"Put it simply, the value of a product or a service increases as more users use it."

Anu provides a straightforward definition of network effects, explaining how user growth enhances value for all users.

Different Types of Network Effects

  • There are many types of network effects, with some being more exciting due to scalability and unit economics.
  • When analyzing opportunities at YC, Anu looks for certain forms of network effects that indicate potential for growth.

"And if that doesn't exist, then there is no network effect."

Anu emphasizes that without incremental value to existing users, there are no true network effects present.## Direct Network Effects

  • Direct network effects refer to the intrinsic virality of a product that causes a network effect.
  • The telephone and Facebook are cited as examples of products with direct network effects.
  • A network effect only becomes significant when a product reaches a critical mass or scale.
  • Companies, especially early-stage startups, often lack any form of network effect initially.
  • The potential for a network effect and the team's strategic approach to building it are important considerations.

"So if you look at the telephone, when they first launched, it was useless... And so as a result, more users started adopting the telephone... So that is what I call product virality, which is the product itself spreads because of the organic consequence of its use."

This quote explains that the value of a product like the telephone increases as more people use it, leading to organic growth and a network effect.

"So, in short, I think what we really look at at that stage is, does this company have the potential? So one, through the product, if not, maybe it's a marketplace, but through the product or service offering, do they have the potential to have a network effect?"

The quote emphasizes assessing the potential for a network effect in a company's product or service offering as a key factor for growth and value accumulation.

Founders' Understanding of Network Effects

  • Retention is a key sign of network effects, not just rapid growth.
  • Facebook's early focus on retention and engagement metrics before expanding to other universities is highlighted.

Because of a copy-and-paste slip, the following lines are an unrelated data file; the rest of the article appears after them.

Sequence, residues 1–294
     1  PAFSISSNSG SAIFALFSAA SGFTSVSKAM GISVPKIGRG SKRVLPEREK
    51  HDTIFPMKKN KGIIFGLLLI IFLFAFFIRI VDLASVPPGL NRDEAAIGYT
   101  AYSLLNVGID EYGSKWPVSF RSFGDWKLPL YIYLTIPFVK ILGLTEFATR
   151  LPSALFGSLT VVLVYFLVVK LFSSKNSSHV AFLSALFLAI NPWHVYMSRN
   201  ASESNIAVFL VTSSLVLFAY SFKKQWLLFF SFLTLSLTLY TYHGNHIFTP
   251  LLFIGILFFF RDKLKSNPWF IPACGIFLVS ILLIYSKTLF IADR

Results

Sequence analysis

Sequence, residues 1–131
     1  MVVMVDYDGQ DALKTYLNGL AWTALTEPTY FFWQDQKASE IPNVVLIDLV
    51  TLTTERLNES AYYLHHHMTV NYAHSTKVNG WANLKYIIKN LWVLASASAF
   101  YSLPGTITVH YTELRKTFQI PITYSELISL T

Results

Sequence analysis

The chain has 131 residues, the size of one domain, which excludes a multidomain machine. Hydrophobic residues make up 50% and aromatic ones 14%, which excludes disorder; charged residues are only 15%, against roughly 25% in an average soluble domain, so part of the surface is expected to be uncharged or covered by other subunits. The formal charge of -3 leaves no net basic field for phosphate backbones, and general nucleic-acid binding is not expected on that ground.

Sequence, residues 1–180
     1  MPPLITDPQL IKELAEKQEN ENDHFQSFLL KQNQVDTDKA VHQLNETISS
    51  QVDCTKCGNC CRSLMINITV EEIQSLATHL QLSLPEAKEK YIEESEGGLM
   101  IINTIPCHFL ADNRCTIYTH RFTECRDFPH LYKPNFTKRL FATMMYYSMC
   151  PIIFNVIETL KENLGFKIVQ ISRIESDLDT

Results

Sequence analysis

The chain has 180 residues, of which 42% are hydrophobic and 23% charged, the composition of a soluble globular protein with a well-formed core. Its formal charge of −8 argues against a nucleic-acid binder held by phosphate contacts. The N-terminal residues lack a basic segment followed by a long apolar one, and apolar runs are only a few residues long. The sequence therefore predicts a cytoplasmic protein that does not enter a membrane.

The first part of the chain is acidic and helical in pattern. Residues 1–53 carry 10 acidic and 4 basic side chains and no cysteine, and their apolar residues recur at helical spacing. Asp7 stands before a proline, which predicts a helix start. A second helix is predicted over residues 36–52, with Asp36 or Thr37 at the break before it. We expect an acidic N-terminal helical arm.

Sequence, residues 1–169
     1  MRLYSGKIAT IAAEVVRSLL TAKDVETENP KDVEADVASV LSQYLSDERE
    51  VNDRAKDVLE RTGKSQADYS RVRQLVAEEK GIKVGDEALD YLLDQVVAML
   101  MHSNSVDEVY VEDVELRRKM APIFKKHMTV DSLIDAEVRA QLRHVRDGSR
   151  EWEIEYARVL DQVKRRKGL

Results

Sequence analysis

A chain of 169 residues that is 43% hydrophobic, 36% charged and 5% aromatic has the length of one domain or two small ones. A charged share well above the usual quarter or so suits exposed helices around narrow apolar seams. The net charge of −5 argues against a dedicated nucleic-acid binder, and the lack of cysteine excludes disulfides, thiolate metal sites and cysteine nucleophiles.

• The founding team's attentiveness to these metrics is seen as an indication of their understanding of network effects.

"So, very simply, they first launched in Harvard, and there was a lot of craze about the app... That was really smart, because, a, they were trying to figure out what is the true utility of the product."

The quote describes Facebook's strategic approach to understanding and maximizing the product's utility through user engagement, which is indicative of the founding team's comprehension of network effects.

Defensibility of Network Effects

  • Defensibility is analyzed through the barriers to entry for competitors and the barriers to exit for users.
  • The strength of a product's network effect can be measured by how difficult it is for users to leave the platform.
  • Airbnb and Facebook are given as examples of strong defensibility due to their high user exit barriers.
  • Uber and Lyft are contrasted as having low exit barriers, affecting the sustainability of their network effects.

"So it's a very simple question, but it has a lot of things tied behind it... So the barrier to exit for the user is a key element."

The quote highlights the significance of the barrier to exit for users as a critical component of a product's network effect defensibility.

Importance of Network Effects in the Future

  • Network effects will continue to be important due to their role in creating winner-take-all markets.